Linda Vester has alleged that when she was working for NBC News in the Nineties, she was "groped and assaulted by Tom Brokaw, then the anchor of NBC Nightly News." The former anchor detailed her claims to Variety.
Vester joined NBC News in September 1989. In 1993, she became a full-time correspondent for Weekend Today. It was at this point when she alleges she had her first "humiliating" encounter with Brokaw. In August 1993, while at the Denver Bureau where she was covering Pope John Paul's visit, she claims Brokaw grabbed her inappropriately.
"Tom Brokaw enters through the door and grabs me from behind and proceeds to tickle me up and down my waist," she claimed. "I jumped a foot." She said that no one present did anything. "He was the most powerful man at the network, and I was the most junior person, reporting for an entirely different show. It was out of the blue.
"There was a culture at NBC News, in my experience, where women who raise questions about misconduct get labeled as troublemakers. It can torpedo your career," she continued. "I already knew that, so I didn't want to make any trouble."
She couldn't recall when she saw him next following the alleged Denver incident, but she vividly recounted when she claimed he assaulted her. In January 1994 she was in New York for an assignment when she alleged she began receiving computer messages from Brokaw, who asked her what she was doing that night.
While she "barely knew him," she felt compelled to answer Brokaw. "When the most powerful man at the network sends you a computer message, you answer him." She said she told him she was heading back to D.C., where she lived, that evening.
She claimed he then suggested she stay and get drinks while he also acknowledged "Nah, too risky." Despite Vester's attempts to discourage him, he allegedly ended up at her hotel uninvited after she returned from the airport having missed her flight to D.C.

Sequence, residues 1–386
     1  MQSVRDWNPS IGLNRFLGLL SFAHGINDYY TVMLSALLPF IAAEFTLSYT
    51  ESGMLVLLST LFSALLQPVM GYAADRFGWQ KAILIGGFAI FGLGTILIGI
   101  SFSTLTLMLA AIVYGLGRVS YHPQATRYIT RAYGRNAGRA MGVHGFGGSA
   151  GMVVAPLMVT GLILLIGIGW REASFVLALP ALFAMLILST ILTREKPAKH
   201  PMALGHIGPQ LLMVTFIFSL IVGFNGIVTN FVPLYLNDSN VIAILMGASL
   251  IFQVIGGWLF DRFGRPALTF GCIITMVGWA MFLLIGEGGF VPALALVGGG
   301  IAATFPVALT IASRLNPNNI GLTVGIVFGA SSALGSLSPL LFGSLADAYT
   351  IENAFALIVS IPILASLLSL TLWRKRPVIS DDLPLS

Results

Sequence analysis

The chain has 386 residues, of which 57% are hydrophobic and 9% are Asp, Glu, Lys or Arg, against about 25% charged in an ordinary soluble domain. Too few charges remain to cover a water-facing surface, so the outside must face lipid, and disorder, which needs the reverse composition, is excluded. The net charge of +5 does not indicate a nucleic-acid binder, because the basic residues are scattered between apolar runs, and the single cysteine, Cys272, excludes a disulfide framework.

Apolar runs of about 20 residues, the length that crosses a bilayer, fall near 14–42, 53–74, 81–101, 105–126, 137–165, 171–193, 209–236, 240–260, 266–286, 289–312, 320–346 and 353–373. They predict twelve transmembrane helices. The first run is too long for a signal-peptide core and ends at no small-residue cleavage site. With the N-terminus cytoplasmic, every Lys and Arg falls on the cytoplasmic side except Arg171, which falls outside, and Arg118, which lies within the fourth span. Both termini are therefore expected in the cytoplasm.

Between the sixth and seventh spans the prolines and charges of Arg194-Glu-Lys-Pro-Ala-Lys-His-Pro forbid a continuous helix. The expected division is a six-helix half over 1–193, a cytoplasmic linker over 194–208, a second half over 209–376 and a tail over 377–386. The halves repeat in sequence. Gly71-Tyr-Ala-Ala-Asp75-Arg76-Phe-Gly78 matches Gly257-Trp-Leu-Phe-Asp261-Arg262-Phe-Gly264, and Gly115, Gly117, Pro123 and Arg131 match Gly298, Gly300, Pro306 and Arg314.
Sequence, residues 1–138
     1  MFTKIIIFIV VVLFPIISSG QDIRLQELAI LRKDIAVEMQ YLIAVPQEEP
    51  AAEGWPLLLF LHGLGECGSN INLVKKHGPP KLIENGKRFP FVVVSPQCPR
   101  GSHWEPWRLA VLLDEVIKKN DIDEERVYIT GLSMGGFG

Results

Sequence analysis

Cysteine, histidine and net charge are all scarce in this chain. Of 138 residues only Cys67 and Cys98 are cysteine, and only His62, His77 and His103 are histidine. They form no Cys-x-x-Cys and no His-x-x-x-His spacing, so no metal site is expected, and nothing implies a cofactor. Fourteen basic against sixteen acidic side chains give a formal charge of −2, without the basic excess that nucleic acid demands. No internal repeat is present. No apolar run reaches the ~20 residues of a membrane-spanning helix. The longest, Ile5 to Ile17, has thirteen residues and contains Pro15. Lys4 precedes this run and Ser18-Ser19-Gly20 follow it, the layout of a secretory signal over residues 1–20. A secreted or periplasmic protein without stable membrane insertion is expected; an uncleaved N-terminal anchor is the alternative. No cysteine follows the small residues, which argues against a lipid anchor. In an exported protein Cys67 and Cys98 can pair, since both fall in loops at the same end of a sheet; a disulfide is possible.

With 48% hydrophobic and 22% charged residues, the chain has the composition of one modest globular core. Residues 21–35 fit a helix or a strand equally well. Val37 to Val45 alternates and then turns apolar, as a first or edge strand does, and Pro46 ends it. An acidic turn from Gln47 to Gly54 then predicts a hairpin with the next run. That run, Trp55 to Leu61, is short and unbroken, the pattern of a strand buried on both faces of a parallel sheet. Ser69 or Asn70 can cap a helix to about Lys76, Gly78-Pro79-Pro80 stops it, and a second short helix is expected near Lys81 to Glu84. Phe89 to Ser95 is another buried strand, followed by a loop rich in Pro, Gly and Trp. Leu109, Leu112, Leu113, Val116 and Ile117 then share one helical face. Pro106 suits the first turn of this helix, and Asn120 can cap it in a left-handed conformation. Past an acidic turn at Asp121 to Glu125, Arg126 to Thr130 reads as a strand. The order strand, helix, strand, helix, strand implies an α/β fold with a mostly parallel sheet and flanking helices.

Vester claimed she asked him, "What do you want from me?" to which Brokaw allegedly responded, "An affair of more than passing affection."
While they were in her hotel room, Vester alleged he assaulted her. "He grabbed me behind my neck and tried to force me to kiss him," she claimed. "I was shocked to feel the amount of force and his full strength on me. I could smell alcohol on his breath, but he was totally sober. He spoke clearly. He was in control of his faculties." She said she then broke away and informed him, "I don't want to do this with you." According to Vester, Brokaw agreed to leave, but then tried to kiss her again on his way out.
Vester claimed Brokaw repeatedly messaged her the next day and after first refusing to answer him, they spoke. "I don't remember verbatim what he said. But I do remember he was engaging in verbal gymnastics to try to revise what had happened the night before in such a way to make it sound consensual. I did not assent to this revision of events. I was disgusted."
Soon after, Vester moved to London. In May 1995, she said several NBC correspondents were there to cover the 50th anniversary of VE Day, including Brokaw who anchored Nightly News from London. She alleged that he once again tried to kiss her one night during that time.
A representative for NBC Nightly News did not immediately return Rolling Stone's request for comment. Brokaw told Variety in a statement provided by an NBC News representative, "I met with Linda Vester on two occasions, both at her request, 23 years ago because she wanted advice with respect to her career at NBC. The meetings were brief, cordial and appropriate, and despite Linda's allegations, I made no romantic overtures towards her at that time or any other."
According to Washington Post, an unnamed second woman, who was a production assistant at the time, said Brokaw also acted inappropriately toward her in the 1990s. Brokaw also denied those allegations.
NBC News has recently grappled with sexual misconduct allegations against another one of its anchors. In November 2017, longtime Today anchor Matt Lauer was fired following multiple allegations of "inappropriate sexual behavior."